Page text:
I burst into tears on a recent house party call with my three best friends. “I’m really stressed out,” I sobbed and surprised myself. “I think I’m going COVID crazy.”
Our calls are usually a hoot, but we all felt used up. Jessi’s husband had heart surgery and no one was able to visit him because of COVID-19 restrictions. Katie is a flight attendant who can go on vacation anytime. Erica is an Infectious Disease Nurse – and a teacher – now that her 8 year old is studying from home.
Our brain is in a constant loop of: Virus. Family. Safety. Masks. Mail-in reconciliation. Racial injustice. Health care. Social distancing. Eat. Money. Job. Plastic never collapses. To repeat.
Experts say burnout is what happens when you have reached your limits mentally, emotionally, and physically. Most of us are already there: in a recent survey, 53% of adults surveyed said their mental health was negatively affected by pandemic stress – up from 32% in March.
Stressed or Burned Out?
Everyone feels overwhelmed from time to time, but the mental and physical consequences of prolonged stress can lead to serious health problems such as heart disease, high blood pressure, and obesity.
Burnout – the chronic state of physical or emotional exhaustion that brings with it a feeling of decreased performance and loss of personal identity – is a direct result of excessive, persistent stress.
The scary part is that you may not even know that you are about to burn out. Common symptoms of stress include headaches, muscle aches, and insomnia – which can be downplayed or overlooked because you’re stressed.
According to Lori Gordon-Michaeli, LCSW, who specializes in experiential psychotherapy, stress management is not an option – it is a necessity.
“Stress creates energy in the body and mind, so it is important to do something mental and physical every day or at least weekly to remove the energy,” she explained. “Otherwise you can have all sorts of things besides anxiety, depression, racing thoughts, or overthinking – it can cause anything from bad decisions to physical illness.”
Research before the pandemic showed a strong link between social isolation and poor mental and cardiovascular health. So what can we do to stay mentally fit when we are stuck at home?
If you have access to the great outdoors, a 15-minute walk around the block can make a huge difference, according to Gordon-Michaeli. But any physical activity you do, such as yoga, dance, or weight lifting, will have positive effects on your mental and physical health.
Another great way to relieve stress is to bring out your best Lady Gaga. A 2016 study linked singing to decreased levels of the stress hormone cortisol in cancer patients. Previous studies also showed that music can reduce stress in surgical patients.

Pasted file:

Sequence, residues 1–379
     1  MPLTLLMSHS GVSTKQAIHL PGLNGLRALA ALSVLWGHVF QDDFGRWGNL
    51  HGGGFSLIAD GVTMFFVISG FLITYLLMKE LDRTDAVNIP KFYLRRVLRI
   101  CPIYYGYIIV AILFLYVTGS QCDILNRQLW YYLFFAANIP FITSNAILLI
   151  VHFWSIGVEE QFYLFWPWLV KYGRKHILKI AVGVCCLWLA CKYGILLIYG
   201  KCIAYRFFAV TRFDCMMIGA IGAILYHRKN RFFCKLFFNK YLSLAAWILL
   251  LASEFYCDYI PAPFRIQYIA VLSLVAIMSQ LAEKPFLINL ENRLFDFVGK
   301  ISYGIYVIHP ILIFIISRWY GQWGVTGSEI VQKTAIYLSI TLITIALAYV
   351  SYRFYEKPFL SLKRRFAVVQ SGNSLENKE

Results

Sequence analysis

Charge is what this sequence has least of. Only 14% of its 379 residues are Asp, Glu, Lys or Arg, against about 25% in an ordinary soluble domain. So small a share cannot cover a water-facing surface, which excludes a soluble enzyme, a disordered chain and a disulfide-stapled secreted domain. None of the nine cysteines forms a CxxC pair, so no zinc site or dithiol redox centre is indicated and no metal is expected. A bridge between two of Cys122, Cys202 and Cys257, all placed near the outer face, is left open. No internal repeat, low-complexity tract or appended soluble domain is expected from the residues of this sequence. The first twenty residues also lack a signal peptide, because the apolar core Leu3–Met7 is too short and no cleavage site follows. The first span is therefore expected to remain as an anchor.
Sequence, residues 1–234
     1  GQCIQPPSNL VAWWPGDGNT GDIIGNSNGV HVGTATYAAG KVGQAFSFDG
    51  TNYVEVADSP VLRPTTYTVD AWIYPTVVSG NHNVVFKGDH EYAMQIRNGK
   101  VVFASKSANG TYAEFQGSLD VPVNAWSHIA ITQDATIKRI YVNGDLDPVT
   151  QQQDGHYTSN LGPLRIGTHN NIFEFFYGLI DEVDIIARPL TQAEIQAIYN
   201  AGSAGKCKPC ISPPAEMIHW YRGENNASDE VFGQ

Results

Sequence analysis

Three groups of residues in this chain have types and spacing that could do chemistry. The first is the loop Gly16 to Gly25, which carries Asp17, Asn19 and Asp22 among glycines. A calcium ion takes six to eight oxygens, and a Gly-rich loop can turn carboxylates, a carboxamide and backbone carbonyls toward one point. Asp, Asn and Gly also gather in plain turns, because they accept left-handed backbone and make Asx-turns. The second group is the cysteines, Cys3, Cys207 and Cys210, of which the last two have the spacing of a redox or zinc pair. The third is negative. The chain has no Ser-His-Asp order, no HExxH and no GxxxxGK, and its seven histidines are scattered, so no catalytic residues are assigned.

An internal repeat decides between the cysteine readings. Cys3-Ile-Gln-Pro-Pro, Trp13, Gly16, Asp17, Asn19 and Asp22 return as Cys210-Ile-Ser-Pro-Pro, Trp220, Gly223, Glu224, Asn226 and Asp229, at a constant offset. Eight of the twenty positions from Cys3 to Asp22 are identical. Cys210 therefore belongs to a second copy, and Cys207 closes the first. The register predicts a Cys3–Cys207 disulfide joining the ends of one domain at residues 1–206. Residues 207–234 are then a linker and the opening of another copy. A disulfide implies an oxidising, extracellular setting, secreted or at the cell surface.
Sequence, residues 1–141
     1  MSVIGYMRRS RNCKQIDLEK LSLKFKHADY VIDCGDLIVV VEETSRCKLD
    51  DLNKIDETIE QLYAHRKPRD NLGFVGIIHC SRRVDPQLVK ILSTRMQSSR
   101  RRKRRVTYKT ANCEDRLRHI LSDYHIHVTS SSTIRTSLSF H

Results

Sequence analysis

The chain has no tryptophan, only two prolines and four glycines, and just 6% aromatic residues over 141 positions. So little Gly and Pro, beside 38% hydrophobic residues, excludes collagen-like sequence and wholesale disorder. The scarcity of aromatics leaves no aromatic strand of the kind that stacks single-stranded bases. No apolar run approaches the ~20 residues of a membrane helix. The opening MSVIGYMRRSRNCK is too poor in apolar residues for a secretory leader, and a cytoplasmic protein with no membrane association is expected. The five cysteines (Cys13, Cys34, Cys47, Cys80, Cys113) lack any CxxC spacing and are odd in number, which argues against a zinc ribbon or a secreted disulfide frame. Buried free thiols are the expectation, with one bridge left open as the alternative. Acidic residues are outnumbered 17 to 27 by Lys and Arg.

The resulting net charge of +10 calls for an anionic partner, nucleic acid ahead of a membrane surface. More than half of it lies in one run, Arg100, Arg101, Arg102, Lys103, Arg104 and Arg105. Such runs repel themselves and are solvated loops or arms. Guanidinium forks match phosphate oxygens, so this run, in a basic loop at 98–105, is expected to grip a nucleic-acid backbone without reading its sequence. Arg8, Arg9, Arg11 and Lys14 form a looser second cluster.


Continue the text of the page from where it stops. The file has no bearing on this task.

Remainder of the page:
Dealing with burnout
Today, due to the pandemic, women are more than twice as likely to experience symptoms of stress and burnout as men.
“It feels like there is an obstacle in front of you that you cannot overcome because you are so overwhelmed,” said Gordon-Michaeli. “The best you can do is acknowledge that it’s okay. Give yourself permission to feel burned out,” she said, adding that this will help remove resistance.
Gordon-Michaeli recommends taking a day off to feel burned out. Distract yourself with a fun TV show or movie. The point is to take a break from thinking by keeping your mind engaged in an activity and breaking that connection with negative thoughts.
After enjoying that day, Gordon-Michaeli recommends incorporating stress management and rearranging your time to make sure you are taking time to rest. If you don’t, your body and brain will ask for it.
Another tip: plan something that inspires you. “When you’re burned out, there’s something to look forward to,” said Gordon-Michaeli.
Find your happy place
Businesses are starting to open again, but many of us are still working from home or faced with the uncertainty of getting back to work.
A recent study found that the multiple stresses people face from COVID-19 are likely to have future effects, such as burnout and stress-related absenteeism.
It is important to be proactive about your mental health, even when you are not experiencing symptoms.
Gordon-Michaeli said rethinking your work routine can help prevent burnout. If you can, designate a room that is only for work and only enter that room when you are at work. For those who don’t have that luxury, get in your car and drive around the block after getting dressed for work. When you return home, consider yourself at work. At the end of the day, close the store, get in your car, and drive around the block on the way home.
“It’s a psychological thing to set up your brain to understand that you’re at work …” said Gordon-Michaeli. “And if you go and come home, you can leave the workday behind and you don’t mix the two.”
For those who are really struggling with negative thinking, Gordon-Michaeli recommends adding a positive to every negative thought. You may think I’m stuck at home. Follow-up with: At least I am healthy. (Reluctantly though.) “It neutralizes negative thinking a little,” she said.
And when you are struggling with stress management or awareness exercises, think of your days as 24 hours and anything beyond that is not in your reality. “Take care of today and tomorrow will take care of yourself,” said Gordon-Michaeli. “For most people, it helps minimize worry.”